Why had I never put this into words before? Why didn’t he know that about himself? That assignment gave me a vehicle for putting this into words. He was amazed at the things I was saying. I gave him many examples from his life to make my point. He listened and nodded. You could see it was the first time he recognized this ability within himself.
I know this is another conversation that will stay with a grandchild long after I am gone. Thank you to Ms. Erin Schneider from Lakota East High School for this authentic assignment. This essay helped him craft future college essays. In only a couple of weeks he graduates from high school and he was accepted by the college of his choice.
Looking into the Past
The most recent authentic assignment happened this past week and was a reminder and the motivation for me to write this post. Memorial Day is just ahead. My eighth grade granddaughter, Kiley, was given an assignment by her language arts teacher. Each student had to find out about a relative who had died before they were born. They had to interview family members and ask them a list of questions to learn about their deceased relative and give a speech about them. What a great way to draw families together to discuss their shared past.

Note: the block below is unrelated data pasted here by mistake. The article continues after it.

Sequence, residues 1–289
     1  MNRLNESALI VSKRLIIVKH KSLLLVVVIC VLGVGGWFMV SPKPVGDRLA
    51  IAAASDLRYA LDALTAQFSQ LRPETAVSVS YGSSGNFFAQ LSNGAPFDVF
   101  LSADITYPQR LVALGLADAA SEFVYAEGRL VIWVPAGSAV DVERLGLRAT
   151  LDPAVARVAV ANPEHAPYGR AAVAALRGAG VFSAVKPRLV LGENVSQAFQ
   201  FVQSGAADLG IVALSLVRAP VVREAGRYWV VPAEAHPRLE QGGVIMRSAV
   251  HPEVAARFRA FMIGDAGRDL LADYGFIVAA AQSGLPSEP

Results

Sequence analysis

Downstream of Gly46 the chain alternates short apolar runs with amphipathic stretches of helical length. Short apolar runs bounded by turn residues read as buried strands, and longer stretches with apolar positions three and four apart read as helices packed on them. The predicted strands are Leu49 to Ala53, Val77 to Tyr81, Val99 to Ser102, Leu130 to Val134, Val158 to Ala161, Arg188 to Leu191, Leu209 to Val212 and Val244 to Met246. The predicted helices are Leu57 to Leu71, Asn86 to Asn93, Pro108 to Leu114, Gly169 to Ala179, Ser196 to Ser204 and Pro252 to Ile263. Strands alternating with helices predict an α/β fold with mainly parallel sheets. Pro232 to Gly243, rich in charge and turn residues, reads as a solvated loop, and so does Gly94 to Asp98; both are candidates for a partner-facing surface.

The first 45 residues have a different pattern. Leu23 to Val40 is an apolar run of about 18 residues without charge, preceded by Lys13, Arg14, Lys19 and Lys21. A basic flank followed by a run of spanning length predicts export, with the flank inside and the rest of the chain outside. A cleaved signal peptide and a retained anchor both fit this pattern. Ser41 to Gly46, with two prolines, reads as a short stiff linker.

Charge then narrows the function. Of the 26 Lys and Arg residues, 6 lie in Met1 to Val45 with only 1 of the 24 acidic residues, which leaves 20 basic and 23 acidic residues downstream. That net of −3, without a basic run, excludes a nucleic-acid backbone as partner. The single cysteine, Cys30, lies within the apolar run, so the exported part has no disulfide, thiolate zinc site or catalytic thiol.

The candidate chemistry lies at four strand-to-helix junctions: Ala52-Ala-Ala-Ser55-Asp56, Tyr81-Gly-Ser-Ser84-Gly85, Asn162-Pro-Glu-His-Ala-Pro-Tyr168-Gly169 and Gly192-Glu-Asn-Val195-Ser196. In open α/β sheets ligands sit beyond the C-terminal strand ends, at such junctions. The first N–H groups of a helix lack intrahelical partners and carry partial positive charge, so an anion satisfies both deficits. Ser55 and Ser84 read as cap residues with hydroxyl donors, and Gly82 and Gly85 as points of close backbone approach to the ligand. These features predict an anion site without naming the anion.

This was an especially significant assignment for Kiley. My youngest daughter, Kelsey, died of cancer at age 16. She happened to pass away one week before my granddaughter, Kiley was born. Kiley is her namesake and was given Kelsey as a middle name. Kiley has heard stories about Kelsey all her life. However, she dutifully wrote up her interview questions and I filled them out completely. She even remembered a couple of stories I had forgotten to include. She asked me to repeat those stories to her. We did a lot of gathering photos and she assembled her display board. She emailed me a picture of her poster before she glued things down.
She made it through her speech but her voice quivered a quite a bit. When her chin started shaking she said to herself, “I can’t cry in this class. There are too many boys in here!” Everywhere she looked kids were getting tears in their eyes. She had to skip one of the stories she wanted to use, but she made it through. A success!
But the greater lesson is what she learned by preparing the speech. That is the hallmark of an authentic assignment. Meaningful assignments grow the student. They are memorable in a significant way. They open channels of communication. We think about those assignments for years. I can picture Kiley decades from now helping her own grandchild with a speech. I’m sure she’ll tell her grandchild about her quivering chin in her speech when she talked about her Aunt Kelsey whom she never met. Thank you to Ms. Brooke Schreiber from Liberty Junior for your meaningful lesson.
Thank you to all the teachers who take the time to create authentic assignments.